Oxeye daisy, fleabane, evening primrose, and dame’s rocket have pretty flowers that can beguile us into inviting them into our gardens. Although birds and pollinators may appreciate them, they tend to spread rampantly, making us soon regret our invitation!
Oxeye daisies (Leucanthemum vulgare) are a perennial European species commonly found along roadsides, disturbed areas, and pastures. Oxeye daisies love moist clay soils and thrive in our region. Plants and flowers are similar to Shasta daisies grown in gardens: Leucanthemum x superbum (formerly Chrysanthemum x superbum). Oxeye daisies grow 1- to 2-feet tall and have yellow centers with white petals. They form spreading clumps through their rhizomatous roots, dispersing plentiful seeds and displacing native plants.
Fleabanes (Erigeron annuus) are native plants that are members of the aster family. They, too, are found on roadsides, fields, and disturbed areas, grow 1- to 2-feet tall and have yellow centers with white rays, although their flowers are smaller than oxeye daisies. They can be useful wildflowers in waste areas, but fleabanes have deep tap roots, making them difficult to pull. Their fluffy seed heads, like dandelions, spread these plants far and wide. Plants can serve as hosts to tomato ringspot virus.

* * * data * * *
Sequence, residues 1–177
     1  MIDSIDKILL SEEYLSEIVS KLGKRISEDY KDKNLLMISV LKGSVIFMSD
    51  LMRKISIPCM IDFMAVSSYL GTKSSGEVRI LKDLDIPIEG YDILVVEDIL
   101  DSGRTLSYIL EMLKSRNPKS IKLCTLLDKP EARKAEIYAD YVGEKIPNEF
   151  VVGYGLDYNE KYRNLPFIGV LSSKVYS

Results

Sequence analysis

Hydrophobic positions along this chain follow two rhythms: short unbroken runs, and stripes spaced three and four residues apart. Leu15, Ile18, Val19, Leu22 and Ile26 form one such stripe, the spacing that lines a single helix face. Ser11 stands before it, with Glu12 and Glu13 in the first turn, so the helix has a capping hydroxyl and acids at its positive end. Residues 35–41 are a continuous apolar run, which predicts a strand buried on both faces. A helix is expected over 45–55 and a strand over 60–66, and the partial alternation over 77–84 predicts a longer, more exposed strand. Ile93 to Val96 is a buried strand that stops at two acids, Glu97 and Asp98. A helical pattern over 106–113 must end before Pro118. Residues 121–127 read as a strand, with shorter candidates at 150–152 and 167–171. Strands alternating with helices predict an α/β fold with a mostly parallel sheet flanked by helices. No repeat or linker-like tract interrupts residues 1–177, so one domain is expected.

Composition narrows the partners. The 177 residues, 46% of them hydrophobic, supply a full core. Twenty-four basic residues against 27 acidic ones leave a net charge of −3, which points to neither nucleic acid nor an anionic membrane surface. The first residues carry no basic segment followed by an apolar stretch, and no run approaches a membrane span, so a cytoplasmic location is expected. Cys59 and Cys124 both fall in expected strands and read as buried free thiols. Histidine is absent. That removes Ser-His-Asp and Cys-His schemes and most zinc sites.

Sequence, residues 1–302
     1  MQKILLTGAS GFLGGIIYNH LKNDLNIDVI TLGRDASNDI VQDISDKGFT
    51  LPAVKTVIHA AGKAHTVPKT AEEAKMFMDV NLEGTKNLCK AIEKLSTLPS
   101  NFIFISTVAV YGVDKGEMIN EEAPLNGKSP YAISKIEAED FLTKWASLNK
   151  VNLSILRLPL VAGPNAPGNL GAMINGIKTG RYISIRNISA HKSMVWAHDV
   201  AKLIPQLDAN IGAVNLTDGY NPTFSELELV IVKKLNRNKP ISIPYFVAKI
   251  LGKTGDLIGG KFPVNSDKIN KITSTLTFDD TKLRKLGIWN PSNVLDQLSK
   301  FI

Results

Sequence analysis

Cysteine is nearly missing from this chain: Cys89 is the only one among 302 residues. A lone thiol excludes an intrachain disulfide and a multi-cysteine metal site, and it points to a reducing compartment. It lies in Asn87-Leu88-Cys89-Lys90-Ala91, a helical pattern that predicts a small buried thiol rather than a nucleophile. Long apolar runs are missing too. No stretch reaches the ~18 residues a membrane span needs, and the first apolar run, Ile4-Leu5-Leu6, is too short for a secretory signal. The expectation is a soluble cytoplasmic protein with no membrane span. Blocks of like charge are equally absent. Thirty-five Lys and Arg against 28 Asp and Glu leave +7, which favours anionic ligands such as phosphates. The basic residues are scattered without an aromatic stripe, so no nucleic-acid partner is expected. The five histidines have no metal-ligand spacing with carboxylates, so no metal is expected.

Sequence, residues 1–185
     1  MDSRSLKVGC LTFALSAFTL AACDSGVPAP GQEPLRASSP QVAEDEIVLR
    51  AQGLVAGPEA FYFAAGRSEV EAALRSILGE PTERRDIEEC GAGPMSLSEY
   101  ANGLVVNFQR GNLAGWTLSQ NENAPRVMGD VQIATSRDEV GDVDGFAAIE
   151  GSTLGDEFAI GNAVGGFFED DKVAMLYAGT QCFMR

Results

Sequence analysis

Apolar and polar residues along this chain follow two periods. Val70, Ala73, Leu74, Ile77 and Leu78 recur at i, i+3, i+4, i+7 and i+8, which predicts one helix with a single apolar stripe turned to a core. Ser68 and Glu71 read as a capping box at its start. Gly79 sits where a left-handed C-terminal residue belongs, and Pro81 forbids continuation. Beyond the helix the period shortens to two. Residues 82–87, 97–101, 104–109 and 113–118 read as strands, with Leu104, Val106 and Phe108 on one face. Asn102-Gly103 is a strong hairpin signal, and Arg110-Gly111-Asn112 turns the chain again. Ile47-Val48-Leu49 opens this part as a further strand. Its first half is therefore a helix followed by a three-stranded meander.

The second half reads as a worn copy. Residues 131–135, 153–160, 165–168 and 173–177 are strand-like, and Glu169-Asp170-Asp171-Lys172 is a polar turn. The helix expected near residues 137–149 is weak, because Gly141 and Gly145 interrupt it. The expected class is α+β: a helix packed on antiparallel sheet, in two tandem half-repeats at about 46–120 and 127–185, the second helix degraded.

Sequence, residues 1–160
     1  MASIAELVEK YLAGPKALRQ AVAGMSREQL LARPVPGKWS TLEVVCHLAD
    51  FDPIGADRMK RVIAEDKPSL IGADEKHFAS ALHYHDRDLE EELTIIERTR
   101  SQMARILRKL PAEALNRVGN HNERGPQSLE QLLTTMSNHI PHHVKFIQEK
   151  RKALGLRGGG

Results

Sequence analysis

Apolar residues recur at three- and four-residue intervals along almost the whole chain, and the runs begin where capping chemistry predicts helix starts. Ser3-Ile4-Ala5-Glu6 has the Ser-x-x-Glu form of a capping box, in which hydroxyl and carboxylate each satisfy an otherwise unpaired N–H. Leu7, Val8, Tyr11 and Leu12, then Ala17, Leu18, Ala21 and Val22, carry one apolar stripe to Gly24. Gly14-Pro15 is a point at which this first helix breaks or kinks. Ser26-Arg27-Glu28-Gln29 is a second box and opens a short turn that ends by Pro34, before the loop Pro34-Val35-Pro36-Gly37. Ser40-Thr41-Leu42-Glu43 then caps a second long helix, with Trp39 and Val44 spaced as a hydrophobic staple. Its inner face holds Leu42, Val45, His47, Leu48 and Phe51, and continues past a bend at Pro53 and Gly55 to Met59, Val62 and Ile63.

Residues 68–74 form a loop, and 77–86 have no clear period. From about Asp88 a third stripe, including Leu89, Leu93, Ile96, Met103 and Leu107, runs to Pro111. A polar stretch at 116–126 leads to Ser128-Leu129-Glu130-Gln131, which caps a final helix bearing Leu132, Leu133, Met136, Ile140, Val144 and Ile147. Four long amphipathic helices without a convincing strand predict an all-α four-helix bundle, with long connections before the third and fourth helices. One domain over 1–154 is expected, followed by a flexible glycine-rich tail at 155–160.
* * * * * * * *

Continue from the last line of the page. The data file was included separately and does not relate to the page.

Evening primroses (Oenothera biennis) are pretty, yellow-blooming plants, 3- to 5-feet tall, often seen on fence rows, fields, and disturbed areas. This native biennial produces leaves the first year and flowers the second. True to its name, the flowers open in the evening. Evening primroses also have a deep tap root. Another attractive wildflower for waste areas, they produce massive amounts of seed and can be invasive.
Dame’s rocket (Hesperis matronalis), a European import, looks like wild phlox, but if you examine its white, pink, or purple flowers you will notice that each floret has four petals, not five like phlox. Also, its lance-shaped leaves are “toothed,” while phlox leaves have smooth edges. Dame’s rocket is a 3- to 4-feet tall, pretty weed that flowers in May and June. It is often sold in packets of mixed wildflowers. Like other weeds, dame’s rocket spreads aggressively through seeding.
How to control them
Control of all these pretty weeds consists of pulling when possible. Learn to recognize the young seedlings—especially those with deep tap roots that are difficult to remove. You can also cut off the flower heads of older plants before they go to seed. Bag and dispose of these flowers—do not compost!—to prevent seed development and dispersal. Use herbicides as a last resort.
Article written by Judy Deutsch, Extension Master GardenerSM Volunteer.